Molly Cantrell-Kraig was 21 and still in college when her first daughter was born, in 1989. “I was a single mother on welfare, living in a farmhouse in Iowa,” she says. Without a car of her own, she struggled to make it to class, let alone excel in her studies. Eventually Cantrell-Kraig got her degree and embarked on a career in media and advertising. But she never forgot where she came from and all those who helped her along the way.
When she found herself out of work several years ago, a friend reminded her of the nonprofit she always talked about starting, one that would assist struggling women as they carved their way to financial freedom and self-sufficiency. Launched in 2013, the Chicago-based Women With Drive Foundation partners with local nonprofits to identify women who would benefit from a car of their own. In exchange for the free wheels, the women work with WWDF for two years to develop the skills needed to become fully independent.
Research has shown that lack of transportation is one of the key obstacles that keeps low-income women away from the workplace. By improving access to opportunity for these women, WWDF is also improving the lives of their families. “We don’t just give cars out to anyone,” says Cantrell-Kraig, now a mom to three grown kids. “She has to understand that this car is a tool to help her emancipate herself economically.”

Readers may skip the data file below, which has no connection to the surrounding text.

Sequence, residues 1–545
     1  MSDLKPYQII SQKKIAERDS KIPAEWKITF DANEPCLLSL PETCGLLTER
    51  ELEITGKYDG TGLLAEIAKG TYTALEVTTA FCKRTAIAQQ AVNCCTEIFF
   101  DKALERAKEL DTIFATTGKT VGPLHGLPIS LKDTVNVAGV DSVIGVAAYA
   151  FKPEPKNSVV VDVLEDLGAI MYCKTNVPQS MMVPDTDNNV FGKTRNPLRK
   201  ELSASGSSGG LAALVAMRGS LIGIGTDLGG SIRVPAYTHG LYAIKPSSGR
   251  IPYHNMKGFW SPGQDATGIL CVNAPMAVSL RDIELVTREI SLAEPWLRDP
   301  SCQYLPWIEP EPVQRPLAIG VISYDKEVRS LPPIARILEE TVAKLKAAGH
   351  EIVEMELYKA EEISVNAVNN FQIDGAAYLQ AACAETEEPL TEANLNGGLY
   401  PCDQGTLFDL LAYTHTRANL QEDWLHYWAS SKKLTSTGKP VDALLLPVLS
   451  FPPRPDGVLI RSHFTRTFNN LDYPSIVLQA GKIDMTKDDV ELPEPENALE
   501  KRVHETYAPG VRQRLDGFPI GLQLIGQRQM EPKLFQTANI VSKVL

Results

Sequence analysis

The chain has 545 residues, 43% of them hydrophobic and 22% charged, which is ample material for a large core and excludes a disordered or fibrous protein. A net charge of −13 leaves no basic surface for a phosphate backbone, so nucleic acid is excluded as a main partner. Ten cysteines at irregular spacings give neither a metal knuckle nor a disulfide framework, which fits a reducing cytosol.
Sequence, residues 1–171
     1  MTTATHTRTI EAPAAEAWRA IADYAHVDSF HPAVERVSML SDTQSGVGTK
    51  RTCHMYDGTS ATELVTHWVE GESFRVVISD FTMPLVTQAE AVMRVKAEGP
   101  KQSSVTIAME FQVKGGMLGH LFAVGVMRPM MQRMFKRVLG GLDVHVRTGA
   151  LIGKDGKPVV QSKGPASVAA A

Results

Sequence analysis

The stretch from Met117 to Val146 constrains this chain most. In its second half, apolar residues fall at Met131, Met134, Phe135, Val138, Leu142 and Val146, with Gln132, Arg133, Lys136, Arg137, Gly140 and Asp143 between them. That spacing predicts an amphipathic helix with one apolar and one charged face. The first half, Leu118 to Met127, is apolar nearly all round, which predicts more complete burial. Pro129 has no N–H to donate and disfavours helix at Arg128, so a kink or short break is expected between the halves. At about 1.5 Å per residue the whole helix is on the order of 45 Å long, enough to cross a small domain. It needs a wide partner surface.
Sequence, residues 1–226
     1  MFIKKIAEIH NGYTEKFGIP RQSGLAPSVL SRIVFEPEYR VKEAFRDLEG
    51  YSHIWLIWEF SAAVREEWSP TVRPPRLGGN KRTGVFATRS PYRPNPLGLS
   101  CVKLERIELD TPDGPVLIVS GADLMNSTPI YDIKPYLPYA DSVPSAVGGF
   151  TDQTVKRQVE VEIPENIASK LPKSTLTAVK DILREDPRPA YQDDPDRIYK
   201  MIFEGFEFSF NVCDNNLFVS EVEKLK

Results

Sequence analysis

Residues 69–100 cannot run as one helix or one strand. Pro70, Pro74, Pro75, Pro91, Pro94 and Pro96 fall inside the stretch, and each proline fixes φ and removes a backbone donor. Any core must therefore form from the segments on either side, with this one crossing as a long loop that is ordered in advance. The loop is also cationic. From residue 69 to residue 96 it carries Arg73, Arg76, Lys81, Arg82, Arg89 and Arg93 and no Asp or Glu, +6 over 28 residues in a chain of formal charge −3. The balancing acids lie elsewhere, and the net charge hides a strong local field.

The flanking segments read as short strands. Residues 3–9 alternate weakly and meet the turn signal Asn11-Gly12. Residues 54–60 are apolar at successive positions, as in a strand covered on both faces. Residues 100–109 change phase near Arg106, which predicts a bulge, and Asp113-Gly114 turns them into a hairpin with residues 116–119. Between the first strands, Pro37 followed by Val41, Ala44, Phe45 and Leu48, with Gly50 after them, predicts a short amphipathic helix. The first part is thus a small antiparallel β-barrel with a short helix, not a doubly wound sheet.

Since 2016, WWDF has given out a car every seven weeks, on average, to deserving Chicagoland women, with an eye toward eventually scaling the program nationally. It’s an ambitious goal, but Cantrell-Kraig can’t imagine doing anything else. “There are too many people who helped me, for me not to pay it forward,” she says. “That’s reciprocity velocity.”
“Caress was our first recipient. She was an orphan at 13, and she made some bad choices that landed her in prison. She wrote to us and said, ‘I’m sitting in this jail cell, and I thought to myself, This is not where I am supposed to be. My mom and dad would not have wanted this for me, and I don’t want this for me. I am ready for something different.’ When we met her, she had a job as a welder, but she wasn’t able to accept jobs anywhere public transit didn’t go. After she got her car, she immediately was able to work jobs that paid her more than the minimum wage.”
“Part of the reason we moved to Chicago to scale nationally is that, coming from Iowa, my perspective was that of a white 20-year-old who had this problem 28 years ago. The realities for people outside that small bubble are very different, so what we’re doing this year is bringing a lot of other voices and inclusion into our model, so that we can truly build something that you can plug in to not only just Chicago but also in LA, Atlanta or even rural Kentucky.”
“One of the biggest revelations I’ve had was realizing that I needed to build Women With Drive in order to become myself. There’s a quote—and I’m paraphrasing—that says, ‘Success isn’t something you get, it’s something you attract by the person you become.’ I get that now, and so while I presumably started an organization to help other women, I found that creating it helped me become myself.”